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Autophagy Induction by Neural Stem Cell-derived Extracellular Vesicles Aids Recovery from Spinal Cord Injury

Review of “Neural stem cell-derived small extracellular vesicles attenuate apoptosis and neuroinflammation after traumatic spinal cord injury by activating autophagy” from Cell Death and Disease by Stuart P. Atkinson

The transplantation of stem cells may promote functional recovery after acute spinal cord injury, partly through their neuroprotective capabilities; however, cells generally suffer from low survival rates in the inhospitable microenvironment of the injury, while the potential for surviving cell de-differentiation, immune rejection, and tumor formation represent additional obstacles. Treatment with neural stem cell-derived extracellular vesicles represents a potentially efficient solution to this problem, given their demonstrated potential as a treatment modality in neurodegenerative diseases thanks to their anti-inflammatory, neurogenic, and neurotrophic effects [1-3]. 

With this in mind, researchers led by Weihua Cai (First Affiliated Hospital of Nanjing Medical University, Nanjing, Jiangsu, China) recently assessed neural stem cell-extracellular vesicle therapy in a rat spinal cord injury model [4]. Excitingly, the authors discovered that their extracellular vesicle-based approach afforded a reduction in neuronal apoptosis and neuroinflammation and an increase in functional recovery at early stages thanks to the induction of autophagy, a regulated cellular mechanism that disassembles unnecessary or dysfunctional components.

Rong et al. began their study by in vitro by demonstrating that neural stem cell-extracellular vesicle treatment prevented glutamate-induced primary spinal neuron death. Mechanistically, extracellular vesicles activated autophagy, as evidenced by increased numbers of autophagosomes and increased expression of the autophagy-related proteins LC3BII and Beclin-1, which then prevented apoptosis and the secretion of pro-inflammatory cytokines such as TNF-α, IL-1β, and IL-6. Importantly, the addition of an autophagy inhibitor prevented neural stem cell-extracellular vesicles from attenuating apoptosis and inflammation.

The authors then moved in vivo and tested neural stem cell-extracellular vesicle therapy in a rat spinal cord injury model, where they observed improved functional recovery and reduced lesion volume. Detailed analyses highlighted that extracellular vesicle treatment attenuated neuronal cell death, suppressed microglial activation, and reduced neuroinflammation; however, immunofluorescence and protein expression analyses also highlighted the induced expression of LC3BII and Beclin-1, suggesting that autophagy also contributed significantly to recovery from spinal cord injury in vivo.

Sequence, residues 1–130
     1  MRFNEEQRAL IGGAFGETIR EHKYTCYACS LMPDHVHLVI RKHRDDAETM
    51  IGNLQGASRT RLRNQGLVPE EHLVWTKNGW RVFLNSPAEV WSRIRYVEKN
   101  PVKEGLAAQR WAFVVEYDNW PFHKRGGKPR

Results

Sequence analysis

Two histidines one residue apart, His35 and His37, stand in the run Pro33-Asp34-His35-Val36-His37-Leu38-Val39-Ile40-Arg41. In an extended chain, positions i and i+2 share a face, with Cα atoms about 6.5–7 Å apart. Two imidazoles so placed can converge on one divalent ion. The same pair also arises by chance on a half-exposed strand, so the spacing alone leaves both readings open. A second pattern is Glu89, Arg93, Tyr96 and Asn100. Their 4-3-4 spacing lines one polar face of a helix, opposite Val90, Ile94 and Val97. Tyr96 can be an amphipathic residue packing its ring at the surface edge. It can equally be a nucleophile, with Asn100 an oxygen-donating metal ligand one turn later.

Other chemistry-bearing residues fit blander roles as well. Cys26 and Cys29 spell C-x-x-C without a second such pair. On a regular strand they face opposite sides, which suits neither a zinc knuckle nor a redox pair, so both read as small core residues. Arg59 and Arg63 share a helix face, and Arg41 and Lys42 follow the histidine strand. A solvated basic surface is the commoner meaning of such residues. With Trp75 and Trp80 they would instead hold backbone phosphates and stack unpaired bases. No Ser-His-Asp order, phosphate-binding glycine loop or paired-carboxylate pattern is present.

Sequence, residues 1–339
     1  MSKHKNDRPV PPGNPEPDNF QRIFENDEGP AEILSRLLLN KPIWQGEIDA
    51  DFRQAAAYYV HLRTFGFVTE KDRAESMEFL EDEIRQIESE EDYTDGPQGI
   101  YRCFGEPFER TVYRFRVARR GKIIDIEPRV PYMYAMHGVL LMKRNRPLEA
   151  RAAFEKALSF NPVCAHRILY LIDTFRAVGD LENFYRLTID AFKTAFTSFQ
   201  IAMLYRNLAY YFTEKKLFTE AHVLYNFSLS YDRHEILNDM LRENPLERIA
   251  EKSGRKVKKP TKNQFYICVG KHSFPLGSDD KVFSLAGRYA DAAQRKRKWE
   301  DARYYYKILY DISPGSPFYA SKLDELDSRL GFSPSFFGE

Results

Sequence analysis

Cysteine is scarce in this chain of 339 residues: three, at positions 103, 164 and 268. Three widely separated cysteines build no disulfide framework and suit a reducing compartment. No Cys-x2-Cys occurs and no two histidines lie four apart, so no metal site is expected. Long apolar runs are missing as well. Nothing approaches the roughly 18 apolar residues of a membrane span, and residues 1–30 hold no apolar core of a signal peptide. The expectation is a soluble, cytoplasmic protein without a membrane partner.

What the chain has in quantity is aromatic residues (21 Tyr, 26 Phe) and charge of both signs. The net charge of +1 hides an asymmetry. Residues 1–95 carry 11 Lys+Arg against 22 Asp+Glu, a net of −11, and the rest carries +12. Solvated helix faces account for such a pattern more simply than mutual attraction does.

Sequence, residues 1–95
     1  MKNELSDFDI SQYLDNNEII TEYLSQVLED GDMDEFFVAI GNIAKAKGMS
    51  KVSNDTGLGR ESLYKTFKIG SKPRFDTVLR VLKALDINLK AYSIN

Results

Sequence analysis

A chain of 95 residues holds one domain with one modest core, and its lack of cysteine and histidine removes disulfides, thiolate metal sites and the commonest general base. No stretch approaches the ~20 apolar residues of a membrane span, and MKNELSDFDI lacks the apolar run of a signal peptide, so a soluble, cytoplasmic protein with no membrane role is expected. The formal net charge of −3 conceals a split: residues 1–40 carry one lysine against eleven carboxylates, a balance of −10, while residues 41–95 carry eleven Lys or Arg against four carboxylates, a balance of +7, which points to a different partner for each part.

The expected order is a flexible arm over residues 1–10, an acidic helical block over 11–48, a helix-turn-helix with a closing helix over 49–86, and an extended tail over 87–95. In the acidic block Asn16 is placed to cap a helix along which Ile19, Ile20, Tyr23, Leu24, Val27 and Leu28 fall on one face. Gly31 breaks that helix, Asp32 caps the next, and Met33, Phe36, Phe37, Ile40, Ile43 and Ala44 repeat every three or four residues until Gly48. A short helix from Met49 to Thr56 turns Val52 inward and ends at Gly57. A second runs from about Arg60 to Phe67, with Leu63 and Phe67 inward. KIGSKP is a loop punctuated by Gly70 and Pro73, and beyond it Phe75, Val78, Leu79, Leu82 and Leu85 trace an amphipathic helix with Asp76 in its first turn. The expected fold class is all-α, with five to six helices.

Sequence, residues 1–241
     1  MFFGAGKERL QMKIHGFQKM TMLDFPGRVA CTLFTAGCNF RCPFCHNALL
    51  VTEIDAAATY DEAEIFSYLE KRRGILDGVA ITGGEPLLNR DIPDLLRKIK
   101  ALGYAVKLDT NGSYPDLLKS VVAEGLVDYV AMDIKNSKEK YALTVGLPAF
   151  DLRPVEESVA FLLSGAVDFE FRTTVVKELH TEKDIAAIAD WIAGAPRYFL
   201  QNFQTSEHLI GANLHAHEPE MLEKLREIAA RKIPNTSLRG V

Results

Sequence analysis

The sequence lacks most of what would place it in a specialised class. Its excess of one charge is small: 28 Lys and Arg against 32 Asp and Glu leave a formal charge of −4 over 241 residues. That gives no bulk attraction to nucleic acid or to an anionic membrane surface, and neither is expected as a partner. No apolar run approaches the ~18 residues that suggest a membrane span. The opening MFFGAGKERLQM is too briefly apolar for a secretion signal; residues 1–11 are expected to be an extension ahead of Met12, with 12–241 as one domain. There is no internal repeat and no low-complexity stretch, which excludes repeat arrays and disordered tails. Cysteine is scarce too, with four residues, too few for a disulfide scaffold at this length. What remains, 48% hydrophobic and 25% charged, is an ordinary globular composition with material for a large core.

The authors hope that the discovery that neural stem cell-extracellular vesicles can suppress apoptosis and inflammatory processes by promoting autophagy will foster the development of new and efficient therapies for spinal cord injury, which still suffers from poor prognosis despite decades of basic and clinical research.

For more on neural stem cells, extracellular vesicles, and new approaches to spinal cord injury treatment, stay tuned to the Stem Cells Portal!

References

  1. Schindowski K, Belarbi K, and Buée L, Neurotrophic factors in Alzheimer’s disease: role of axonal transport. Genes, Brain and Behavior 2008;7:43-56.
  2. Stevanato L, Thanabalasundaram L, Vysokov N, et al., Investigation of Content, Stoichiometry and Transfer of miRNA from Human Neural Stem Cell Line Derived Exosomes. PLOS ONE 2016;11:e0146353.
  3. Webb RL, Kaiser EE, Scoville SL, et al., Human Neural Stem Cell Extracellular Vesicles Improve Tissue and Functional Recovery in the Murine Thromboembolic Stroke Model. Translational Stroke Research 2018;9:530-539.
  4. Rong Y, Liu W, Wang J, et al., Neural stem cell-derived small extracellular vesicles attenuate apoptosis and neuroinflammation after traumatic spinal cord injury by activating autophagy. Cell Death & Disease 2019;10:340.